our family has an opportunity for startling change – and links
The last week has brought about a sudden and startling change for our family. Prompted by the general state of the union, the specific situation in New York City and my own changing career path, we decided to list our house. Our neighborhood is suffering from the strain of the Wall Street meltdown. With almost everyone I know employed or associated with the financial services sector, you can imagine what’s going on. I’ve made reference to it in past posts, but homes are going on the market and people are moving away.
So we had an offer made on our house, and we counteroffered. That may or may not result in a sale, but we went a step further in our thinking: if we do sell, since neither of us are employed and our two kids are still (about) 3 and 1, we are prime candidates to be location independent. We are planning to flee the northeast altogether and move to Florida, to readjust our lifestyles to a warmer climate and a lower cost of living. What that means for my career (or Bubelah’s) is unclear – I may also take this time to make a career shift, or just give up on traditional employment altogether if I can make that work for a while. Who knows? But interesting times are ahead. I will write about the process as it goes on…
On to a few links:
The Paradox of Thrift: Saving money, ironically, will hurt the economy and reduce the value of saving money – or will it?
: JD reprints an article that demonstrates how the secret to getting rich hasn’t changed that much since – well – ever.
More Adult Children Moving Back Home: I know people who have adult kids (30s) living at home – and these are kids with good, professional, white collar jobs. In the NYC area it’s simply becoming a dreadful proposition to buy a starter home, even with the crisis raging. That may change, but prices ran a loooong way up before they started falling. (See “Florida, considering move to” above!)
Our Buy vs. Rent Situation: And speaking of moving, we’ll definitely be renters for the time being – at least until we see how the year goes. I suspect that the stock market, the real estate market and the job market still have some room to go down.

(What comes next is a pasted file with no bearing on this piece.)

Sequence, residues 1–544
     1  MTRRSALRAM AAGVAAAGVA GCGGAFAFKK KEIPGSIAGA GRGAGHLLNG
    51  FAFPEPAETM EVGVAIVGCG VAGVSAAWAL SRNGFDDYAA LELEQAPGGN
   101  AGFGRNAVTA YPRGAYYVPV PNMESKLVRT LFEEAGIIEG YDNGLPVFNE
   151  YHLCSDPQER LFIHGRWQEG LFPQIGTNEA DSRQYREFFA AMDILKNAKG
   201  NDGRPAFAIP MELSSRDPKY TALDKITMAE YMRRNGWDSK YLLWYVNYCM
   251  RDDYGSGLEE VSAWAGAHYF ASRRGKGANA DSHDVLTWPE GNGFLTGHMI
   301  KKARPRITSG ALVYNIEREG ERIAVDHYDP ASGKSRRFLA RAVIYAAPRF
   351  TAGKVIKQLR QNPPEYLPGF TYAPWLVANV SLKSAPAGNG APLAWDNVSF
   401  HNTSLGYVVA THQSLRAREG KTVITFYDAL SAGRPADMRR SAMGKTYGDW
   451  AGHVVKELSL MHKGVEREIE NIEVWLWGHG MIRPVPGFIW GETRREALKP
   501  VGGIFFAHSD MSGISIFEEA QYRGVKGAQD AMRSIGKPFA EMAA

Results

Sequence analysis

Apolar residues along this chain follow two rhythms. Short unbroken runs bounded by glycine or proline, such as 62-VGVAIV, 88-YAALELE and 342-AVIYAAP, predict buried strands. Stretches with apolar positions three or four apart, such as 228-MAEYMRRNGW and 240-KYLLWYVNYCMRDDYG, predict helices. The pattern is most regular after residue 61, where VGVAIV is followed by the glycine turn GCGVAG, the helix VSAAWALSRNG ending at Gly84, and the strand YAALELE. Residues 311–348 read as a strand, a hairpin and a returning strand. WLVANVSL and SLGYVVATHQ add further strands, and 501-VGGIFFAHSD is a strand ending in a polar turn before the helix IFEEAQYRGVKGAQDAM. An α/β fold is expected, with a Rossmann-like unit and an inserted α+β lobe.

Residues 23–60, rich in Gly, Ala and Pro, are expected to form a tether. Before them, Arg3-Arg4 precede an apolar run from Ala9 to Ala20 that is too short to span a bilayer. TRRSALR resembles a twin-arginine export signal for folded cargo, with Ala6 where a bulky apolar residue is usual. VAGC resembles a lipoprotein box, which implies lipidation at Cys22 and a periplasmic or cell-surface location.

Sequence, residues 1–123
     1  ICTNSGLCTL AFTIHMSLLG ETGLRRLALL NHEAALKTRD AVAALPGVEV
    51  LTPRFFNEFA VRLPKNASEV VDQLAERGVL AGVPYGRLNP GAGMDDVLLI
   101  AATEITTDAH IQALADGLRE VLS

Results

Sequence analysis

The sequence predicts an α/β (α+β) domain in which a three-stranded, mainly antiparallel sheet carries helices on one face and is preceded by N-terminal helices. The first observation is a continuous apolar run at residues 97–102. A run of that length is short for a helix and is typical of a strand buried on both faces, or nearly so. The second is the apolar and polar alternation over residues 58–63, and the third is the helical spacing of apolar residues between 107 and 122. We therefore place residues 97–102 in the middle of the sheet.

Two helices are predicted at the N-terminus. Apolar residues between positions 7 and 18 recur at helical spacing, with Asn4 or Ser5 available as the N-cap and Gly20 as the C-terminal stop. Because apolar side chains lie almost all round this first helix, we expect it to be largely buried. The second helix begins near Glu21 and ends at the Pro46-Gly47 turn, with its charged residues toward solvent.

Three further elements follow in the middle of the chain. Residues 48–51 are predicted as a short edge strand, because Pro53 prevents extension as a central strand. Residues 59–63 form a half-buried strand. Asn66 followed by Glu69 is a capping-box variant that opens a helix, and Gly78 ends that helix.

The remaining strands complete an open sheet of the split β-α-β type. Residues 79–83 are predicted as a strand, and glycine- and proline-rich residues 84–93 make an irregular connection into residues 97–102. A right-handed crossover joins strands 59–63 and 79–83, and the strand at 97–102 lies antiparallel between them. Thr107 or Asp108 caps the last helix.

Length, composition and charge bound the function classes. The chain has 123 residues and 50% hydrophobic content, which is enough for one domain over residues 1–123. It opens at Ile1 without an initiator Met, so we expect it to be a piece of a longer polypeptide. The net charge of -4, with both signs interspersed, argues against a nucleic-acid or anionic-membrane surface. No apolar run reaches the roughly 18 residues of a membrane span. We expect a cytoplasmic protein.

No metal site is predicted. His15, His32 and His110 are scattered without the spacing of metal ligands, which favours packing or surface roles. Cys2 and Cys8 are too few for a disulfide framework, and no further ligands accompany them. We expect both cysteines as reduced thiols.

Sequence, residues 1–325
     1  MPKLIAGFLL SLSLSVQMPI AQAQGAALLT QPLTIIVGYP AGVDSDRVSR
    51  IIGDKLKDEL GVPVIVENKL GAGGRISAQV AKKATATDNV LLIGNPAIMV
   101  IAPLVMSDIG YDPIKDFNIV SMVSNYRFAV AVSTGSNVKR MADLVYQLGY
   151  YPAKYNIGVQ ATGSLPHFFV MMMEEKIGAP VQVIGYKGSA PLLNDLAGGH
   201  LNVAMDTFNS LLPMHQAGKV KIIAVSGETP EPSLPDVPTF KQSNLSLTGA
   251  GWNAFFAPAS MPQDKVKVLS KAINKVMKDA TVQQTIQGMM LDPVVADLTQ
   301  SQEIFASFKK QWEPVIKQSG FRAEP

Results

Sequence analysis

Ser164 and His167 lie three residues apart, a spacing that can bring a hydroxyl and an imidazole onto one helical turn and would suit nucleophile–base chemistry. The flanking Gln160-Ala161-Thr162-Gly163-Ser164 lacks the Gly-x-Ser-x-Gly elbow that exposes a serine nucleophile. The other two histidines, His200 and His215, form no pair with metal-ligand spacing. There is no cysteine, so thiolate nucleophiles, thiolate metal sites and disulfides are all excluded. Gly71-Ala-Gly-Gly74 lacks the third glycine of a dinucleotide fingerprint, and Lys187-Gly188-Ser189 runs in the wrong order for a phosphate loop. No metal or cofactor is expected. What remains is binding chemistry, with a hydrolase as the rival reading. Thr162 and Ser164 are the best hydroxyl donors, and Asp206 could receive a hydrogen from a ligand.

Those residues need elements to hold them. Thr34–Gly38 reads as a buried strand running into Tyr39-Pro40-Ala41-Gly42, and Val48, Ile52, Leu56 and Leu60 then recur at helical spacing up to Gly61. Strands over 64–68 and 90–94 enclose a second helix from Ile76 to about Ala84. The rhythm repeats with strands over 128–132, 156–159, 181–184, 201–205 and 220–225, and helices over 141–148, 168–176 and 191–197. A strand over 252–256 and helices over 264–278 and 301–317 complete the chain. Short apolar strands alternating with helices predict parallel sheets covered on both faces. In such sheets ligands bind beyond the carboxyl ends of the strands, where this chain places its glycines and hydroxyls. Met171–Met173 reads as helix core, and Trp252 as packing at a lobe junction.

Take a Free Economics Course From Yale on Financial Markets by Robert Shiller: I wonder how much longer a diploma’s going to matter for real technical competence to be proven. College will always be useful for networking and learning to work in groups, but for many liberal arts (economics, math, literature, etc.) surely knowledge will be easy and free to acquire from the best minds without attending the school.
What Will the Recession Mean for My Kids?: The last 29 years of successive blows to our national debt (supply-side economics, the Cold War arms race, the Iraq war and Bush’s spend-and-taxcut regime) will certainly narrow choices for our children and their children. Then again, the dot-com boom came out of nowhere to revitalize the US in the late 90s, so who knows? Maybe we should start speculating in tulips.
Yours, Mine, and Ours – Deciding Who Pays the Bills: I can’t imagine not pooling money and paying bills from the pooled money. I just don’t see how it works in a marriage if you don’t share income and bills – especially once the kids come. You’d go crazy otherwise.
Make Money with Multi-Level Marketing: I haven’t tried it, but hey – I guess it works for some people if you have the skills for it.
Stress at Work Getting You Down? How To Manage Job Burnout: At least this is one thing I don’t have to deal with anymore; my ‘work’ these days isn’t that stressful. It doesn’t pay that well, but the perks (short commute, doing something I enjoy) have reduced stress to nearly zero.
The Ultimate Tax Resource Guide: Stop reminding me! Seriously – a comprehensive list of resources for preparing your contribution to Uncle Sam.
Job Site Allows Seekers To Bid On Low Pay: The internet was supposed to help people find the perfect job. Well, no it will help you find it by being the lower bidder on salary or hourly rate. I suppose this is just an extension of the type of process you see if you’re a contractor (bidding down your rate) but it would be a grim thing to know that you were the one who bid the lowest and “won” the job.
ServiceLive.com: Name Your Price and Get Repair Jobs Done: And on a similar note, here’s an interesting new site for getting repair services done. I’ve had some sucess with other sites, but this one is slightly different and might be worth a try.
5 Emerging trends from the recession: Cost-conciousness will be a new ‘hot thing’ for obvious reasons. I think, however, that it’s going to be more that people will go “cheap” rather than “frugal” – i.e. they’ll buy the cheapest they can get rather than thinking long term about buying durable and needed goods.